Having in mind the principle that federal courts will not assume jurisdiction in a habeas corpus proceeding where the state has provided an adequate remedy for the review of the questions involved, New York State statutes and cases have been examined insofar as they apply to the question here. Section 8 of the New York State Code of Criminal Procedure provides that a defendant in a criminal action is entitled to a speedy and public trial. Section 668 provides that an indictment may be dismissed when a case is not tried at the next term after the indictment is presented, unless good cause for the delay is shown. Section 671 provides that the court on its own motion, or upon the application of the district attorney, may dismiss an indictment not seasonably tried or disposed of. The reported cases of the state courts recognize without exception a defendant's right to a speedy trial. The law seems to be perfectly clear but the question involved seems to be one of procedure.
The petition does not specifically indicate that an appeal was taken to the Appellate Division from the order of the trial court reviewing petitioner's application. The decision of the Appellate Division and the Court of Appeals above referred to do not dismiss the appeal, so that it may be fairly inferrable that no appeal was in fact taken. Investigation indicates that no appeal would lie to the Appellate Division or to the Court of Appeals from the order of the court of original jurisdiction. New York Code of Criminal Procedure, Section 517; People v. Gersewitz, 294 N.Y. 163, 61 N.E.2d 427. The order complained of is an intermediate order in a pending action. The recent amendment to Section 517 of the Code of Criminal Procedure, Chapter 706 of the Laws of 1947, which provides for an appeal from an order denying a motion to vacate a judgment of conviction, was apparently enacted to cure the defect referred to in People v. Gersewitz, supra, but is not broad enough to include an appeal from the order in the instant case. If the order under discussion is not appealable, then it would seem that the petitioner had the right to apply to the Supreme Court of the United States for a writ of certiorari to review the order of the Orange County Supreme Court, that court being the highest court in the state, which could adjudicate the question involved. Canizio v. People of State of New York, 327 U.S. 82, 66 S. Ct. 452, 90 L. Ed. 1039.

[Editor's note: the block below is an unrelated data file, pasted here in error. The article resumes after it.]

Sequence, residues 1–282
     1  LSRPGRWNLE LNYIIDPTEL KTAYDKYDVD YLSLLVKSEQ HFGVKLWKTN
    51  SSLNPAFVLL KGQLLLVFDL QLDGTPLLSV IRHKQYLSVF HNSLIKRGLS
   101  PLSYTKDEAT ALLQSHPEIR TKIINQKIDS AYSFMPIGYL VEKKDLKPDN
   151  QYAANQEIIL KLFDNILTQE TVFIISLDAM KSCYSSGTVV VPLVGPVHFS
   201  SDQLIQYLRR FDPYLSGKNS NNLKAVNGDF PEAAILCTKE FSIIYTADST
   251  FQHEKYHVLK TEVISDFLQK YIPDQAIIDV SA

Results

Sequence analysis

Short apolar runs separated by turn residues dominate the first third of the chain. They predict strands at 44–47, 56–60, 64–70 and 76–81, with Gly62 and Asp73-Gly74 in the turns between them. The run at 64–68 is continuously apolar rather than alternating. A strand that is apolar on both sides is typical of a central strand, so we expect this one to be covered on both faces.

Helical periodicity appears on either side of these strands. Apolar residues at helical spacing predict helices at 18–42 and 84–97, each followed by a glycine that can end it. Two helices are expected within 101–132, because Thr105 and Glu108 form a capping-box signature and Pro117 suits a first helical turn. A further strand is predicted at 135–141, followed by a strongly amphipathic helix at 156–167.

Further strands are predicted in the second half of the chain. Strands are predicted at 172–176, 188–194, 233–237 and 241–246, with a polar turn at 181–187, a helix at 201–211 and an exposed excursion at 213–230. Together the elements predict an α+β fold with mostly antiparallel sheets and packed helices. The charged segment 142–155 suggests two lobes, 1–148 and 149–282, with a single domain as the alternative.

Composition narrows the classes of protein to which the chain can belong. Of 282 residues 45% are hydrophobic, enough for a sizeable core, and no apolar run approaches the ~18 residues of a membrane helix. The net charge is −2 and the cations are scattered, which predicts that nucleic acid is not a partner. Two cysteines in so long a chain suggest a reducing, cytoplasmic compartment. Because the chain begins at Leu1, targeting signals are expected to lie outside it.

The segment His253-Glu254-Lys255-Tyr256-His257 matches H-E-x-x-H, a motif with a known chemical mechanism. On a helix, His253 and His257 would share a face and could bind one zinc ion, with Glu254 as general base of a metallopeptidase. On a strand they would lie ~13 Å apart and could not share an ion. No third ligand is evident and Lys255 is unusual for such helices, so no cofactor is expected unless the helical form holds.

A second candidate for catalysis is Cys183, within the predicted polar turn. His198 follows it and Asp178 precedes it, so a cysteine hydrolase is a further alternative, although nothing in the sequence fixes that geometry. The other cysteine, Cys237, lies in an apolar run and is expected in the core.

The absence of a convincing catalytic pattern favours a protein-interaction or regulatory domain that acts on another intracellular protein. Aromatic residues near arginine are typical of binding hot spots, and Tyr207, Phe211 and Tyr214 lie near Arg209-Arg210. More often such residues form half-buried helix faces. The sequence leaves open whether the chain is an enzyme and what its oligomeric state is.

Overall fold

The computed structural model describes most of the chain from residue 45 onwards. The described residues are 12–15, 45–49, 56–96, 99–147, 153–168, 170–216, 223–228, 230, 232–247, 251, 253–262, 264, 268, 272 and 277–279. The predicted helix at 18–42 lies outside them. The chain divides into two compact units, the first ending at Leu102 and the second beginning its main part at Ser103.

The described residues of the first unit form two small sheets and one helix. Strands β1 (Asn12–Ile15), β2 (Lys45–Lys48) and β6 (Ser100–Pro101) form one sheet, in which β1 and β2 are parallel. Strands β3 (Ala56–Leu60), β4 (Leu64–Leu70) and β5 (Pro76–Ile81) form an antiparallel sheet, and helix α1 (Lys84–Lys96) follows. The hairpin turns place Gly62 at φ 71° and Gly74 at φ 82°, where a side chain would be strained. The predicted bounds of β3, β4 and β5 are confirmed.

It may be correct that the order could be reviewed by the appellate courts of the State of New York if and when the indictment is brought to trial, and a judgment of conviction resulted. People ex rel. Hummel v. Trial Term, Part 1, 184 N.Y. 30, 76 N.E. 732. But it does not seem reasonable that an adjudication of the issue may be thwarted by the inaction of the New York State public officials. The possession by the petitioner of a substantial right being conceded, the courts will be diligent in finding a way to protect it. Coffin v. Reichard, 143 F.2d 443, 155 A.L.R. 143.
The conclusion is reached that the application must be denied for the reason that the appellate remedies available to the petitioner in either the state courts or the United State Supreme Court have not been exhausted. People v. Hawk, 321 U.S. 114 at pages 116, 117, 64 S. Ct. 448, at pages 449, 450.
That the writ has in some instances been issued when appellate remedies have not been exhausted has not been overlooked. See Sunal v. Large, etc., 332 U.S. 174, 67 S. Ct. 1588, 91 L. Ed. 1982. Here, however, the petitioner shows no 'exceptional circumstances' which would warrant the action of this Court. The petitioner is confined under a judgment of conviction of a state court. The term of his sentence has not expired. The question attempted to be raised involves the laws and legal ...